11. Edward L. Glaeser & Glenn Ellison, 1999. "The Geographic Concentration of Industry: Does Natural Advantage Explain Agglomeration?," American Economic Review, American Economic Association, vol. 89(2), pages 311-316, May.
  12. Guofu Tan & Justin Yifu Lin, 1999. "Policy Burdens, Accountability, and the Soft Budget Constraint," American Economic Review, American Economic Association, vol. 89(2), pages 426-431, May.
  13. Chong-En Bai & Jiangyong Lu & Zhigang Tao, 2006. "The Multitask Theory of State Enterprise Reform: Empirical Evidence from China," American Economic Review, American Economic Association, vol. 96(2), pages 353-357, May.
  14. Harry G. Broadman, 2001. "The Business(es) of the Chinese State," The World Economy, Wiley Blackwell, vol. 24(7), pages 849-875, 07.
  15. Douglas Laxton & Dirk Muir & Michael Kumhof & Susanna Mursula & Charles Freedman, 2009. "Fiscal Stimulus to the Rescue? Short-Run Benefits and Potential Long-Run Costs of Fiscal Deficits," IMF Working Papers 09/255, International Monetary Fund.
  16. Hongbin Cai & J. Vernon Henderson & Qinghua Zhang, 2009. "China's Land Market Auctions: Evidence of Corruption," NBER Working Papers 15067, National Bureau of Economic Research, Inc.
  17. Michael Firth & Peter M. Y. Fung & Oliver M. Rui, 2006. "Firm Performance, Governance Structure, and Top Management Turnover in a Transitional Economy," Journal of Management Studies, Wiley Blackwell, vol. 43(6), pages 1289-1330, 09.
  18. Bai, Chong-En & Xu, Lixin Colin, 2005. "Incentives for CEOs with multitasks: Evidence from Chinese state-owned enterprises," Journal of Comparative Economics, Elsevier, vol. 33(3), pages 517-539, September.
  19. Kato, Takao & Long, Cheryl, 2006. "CEO Turnover, Firm Performance and Enterprise Reform in China: Evidence from New Micro Data," IZA Discussion Papers 1914, Institute for the Study of Labor (IZA).
  20. Lin, Justin Yifu & Cai, Fang & Li, Zhou, 1998. "Competition, Policy Burdens, and State-Owned Enterprise Reform," American Economic Review, American Economic Association, vol. 88(2), pages 422-27, May.
  21. Huang, Yasheng, 1996. "Central-local relations in china during the reform era: The economic and institutional dimensions," World Development, Elsevier, vol. 24(4), pages 655-672, April.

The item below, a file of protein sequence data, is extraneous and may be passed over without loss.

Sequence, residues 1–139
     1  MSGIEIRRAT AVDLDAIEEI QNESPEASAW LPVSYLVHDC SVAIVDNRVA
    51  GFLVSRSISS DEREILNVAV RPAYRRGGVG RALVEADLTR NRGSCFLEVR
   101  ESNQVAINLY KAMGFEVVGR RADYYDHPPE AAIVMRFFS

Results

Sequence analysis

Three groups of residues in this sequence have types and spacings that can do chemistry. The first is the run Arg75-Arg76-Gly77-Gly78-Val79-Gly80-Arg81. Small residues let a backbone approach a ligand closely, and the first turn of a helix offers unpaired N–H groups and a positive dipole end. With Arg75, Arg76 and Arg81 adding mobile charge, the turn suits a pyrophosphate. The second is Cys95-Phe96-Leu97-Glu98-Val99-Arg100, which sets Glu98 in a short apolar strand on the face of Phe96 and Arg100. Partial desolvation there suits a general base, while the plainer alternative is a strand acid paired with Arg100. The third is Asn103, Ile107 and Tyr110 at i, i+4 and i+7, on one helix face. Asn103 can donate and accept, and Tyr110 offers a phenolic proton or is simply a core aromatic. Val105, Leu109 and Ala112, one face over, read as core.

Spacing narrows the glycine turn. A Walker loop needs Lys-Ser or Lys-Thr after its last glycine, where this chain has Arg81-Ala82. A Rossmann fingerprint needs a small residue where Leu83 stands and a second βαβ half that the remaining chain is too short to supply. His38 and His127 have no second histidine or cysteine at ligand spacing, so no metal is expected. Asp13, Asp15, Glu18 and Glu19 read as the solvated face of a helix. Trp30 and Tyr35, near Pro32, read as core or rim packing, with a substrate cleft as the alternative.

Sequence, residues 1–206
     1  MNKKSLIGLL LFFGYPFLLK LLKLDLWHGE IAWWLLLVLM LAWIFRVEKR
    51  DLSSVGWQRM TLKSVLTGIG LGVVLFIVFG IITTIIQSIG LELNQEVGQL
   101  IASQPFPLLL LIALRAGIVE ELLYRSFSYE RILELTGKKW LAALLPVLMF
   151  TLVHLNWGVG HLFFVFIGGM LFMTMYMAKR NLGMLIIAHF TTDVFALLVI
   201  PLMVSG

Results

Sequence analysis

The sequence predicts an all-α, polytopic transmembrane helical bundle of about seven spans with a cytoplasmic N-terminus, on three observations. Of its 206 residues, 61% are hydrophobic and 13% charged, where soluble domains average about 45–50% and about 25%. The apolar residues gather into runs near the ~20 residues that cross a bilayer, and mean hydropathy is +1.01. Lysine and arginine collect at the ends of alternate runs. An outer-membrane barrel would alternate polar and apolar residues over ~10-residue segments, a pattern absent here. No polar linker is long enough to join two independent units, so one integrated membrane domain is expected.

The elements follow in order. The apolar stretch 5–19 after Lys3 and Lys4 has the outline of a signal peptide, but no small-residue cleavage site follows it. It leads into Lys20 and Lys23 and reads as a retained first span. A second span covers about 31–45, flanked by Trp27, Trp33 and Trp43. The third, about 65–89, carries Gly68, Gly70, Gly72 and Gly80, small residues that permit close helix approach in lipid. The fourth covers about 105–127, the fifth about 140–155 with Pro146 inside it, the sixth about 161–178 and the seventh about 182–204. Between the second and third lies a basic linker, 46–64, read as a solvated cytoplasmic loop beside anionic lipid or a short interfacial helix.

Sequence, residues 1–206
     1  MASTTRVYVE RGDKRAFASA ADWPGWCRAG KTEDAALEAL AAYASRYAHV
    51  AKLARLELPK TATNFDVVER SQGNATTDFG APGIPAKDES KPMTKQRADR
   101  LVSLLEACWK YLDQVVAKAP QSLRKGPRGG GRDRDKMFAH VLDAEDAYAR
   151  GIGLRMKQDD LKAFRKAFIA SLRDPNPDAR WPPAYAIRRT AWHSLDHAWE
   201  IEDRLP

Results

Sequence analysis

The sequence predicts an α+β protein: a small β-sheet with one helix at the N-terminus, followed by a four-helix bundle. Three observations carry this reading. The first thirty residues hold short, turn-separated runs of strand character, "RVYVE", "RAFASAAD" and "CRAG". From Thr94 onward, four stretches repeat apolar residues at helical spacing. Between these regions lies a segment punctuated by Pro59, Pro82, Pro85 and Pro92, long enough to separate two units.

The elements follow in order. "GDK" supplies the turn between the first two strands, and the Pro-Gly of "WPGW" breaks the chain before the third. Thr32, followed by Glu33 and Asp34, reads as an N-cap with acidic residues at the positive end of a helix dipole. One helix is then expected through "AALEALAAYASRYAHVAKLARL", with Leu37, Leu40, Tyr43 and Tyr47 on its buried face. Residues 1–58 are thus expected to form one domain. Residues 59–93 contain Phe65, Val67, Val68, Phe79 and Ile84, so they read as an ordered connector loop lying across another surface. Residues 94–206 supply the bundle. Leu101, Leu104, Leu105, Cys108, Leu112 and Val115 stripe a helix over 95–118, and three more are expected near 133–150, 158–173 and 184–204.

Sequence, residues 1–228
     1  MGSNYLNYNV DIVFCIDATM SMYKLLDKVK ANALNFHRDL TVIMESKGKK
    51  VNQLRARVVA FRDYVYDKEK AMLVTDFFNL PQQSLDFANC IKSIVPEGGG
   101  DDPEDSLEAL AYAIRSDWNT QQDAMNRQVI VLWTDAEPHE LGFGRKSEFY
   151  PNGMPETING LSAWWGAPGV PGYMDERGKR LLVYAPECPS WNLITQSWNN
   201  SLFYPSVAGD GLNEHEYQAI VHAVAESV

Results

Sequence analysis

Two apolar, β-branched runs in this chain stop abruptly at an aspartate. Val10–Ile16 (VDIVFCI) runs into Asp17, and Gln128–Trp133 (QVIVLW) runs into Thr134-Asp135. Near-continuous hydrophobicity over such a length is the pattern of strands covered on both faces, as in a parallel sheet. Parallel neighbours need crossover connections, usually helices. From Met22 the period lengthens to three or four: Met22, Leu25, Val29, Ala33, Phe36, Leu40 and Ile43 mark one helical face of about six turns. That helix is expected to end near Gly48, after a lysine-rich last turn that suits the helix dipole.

22. Kato, Takao & Long, Cheryl, 2006. "CEO turnover, firm performance, and enterprise reform in China: Evidence from micro data," Journal of Comparative Economics, Elsevier, vol. 34(4), pages 796-817, December.
  23. Allen, Franklin & Qian, Jun & Qian, Meijun, 2005. "Law, finance, and economic growth in China," Journal of Financial Economics, Elsevier, vol. 77(1), pages 57-116, July.
  24. Burnside, Craig & Eichenbaum, Martin & Fisher, Jonas D. M., 2004. "Fiscal shocks and their consequences," Journal of Economic Theory, Elsevier, vol. 115(1), pages 89-117, March.
Full references (including those not matched with items on IDEAS)

This item is not listed on Wikipedia, on a reading list or among the top items on IDEAS.

When requesting a correction, please mention this item's handle: RePEc:hhs:ratioi:0173. See general information about how to correct material in RePEc.

For technical questions regarding this item, or to correct its authors, title, abstract, bibliographic or download information, contact: (Martin Korpi)

If you have authored this item and are not yet registered with RePEc, we encourage you to do it here. This allows to link your profile to this item. It also allows you to accept potential citations to this item that we are uncertain about.

If references are entirely missing, you can add them using this form.

If the full references list an item that is present in RePEc, but the system did not link to it, you can help with this form.

If you know of missing items citing this one, you can help us creating those links by adding the relevant references in the same way as above, for each refering item. If you are a registered author of this item, you may also want to check the "citations" tab in your profile, as there may be some citations waiting for confirmation.

Please note that corrections may take a couple of weeks to filter through the various RePEc services.

This information is provided to you by IDEAS at the Research Division of the Federal Reserve Bank of St. Louis using RePEc data.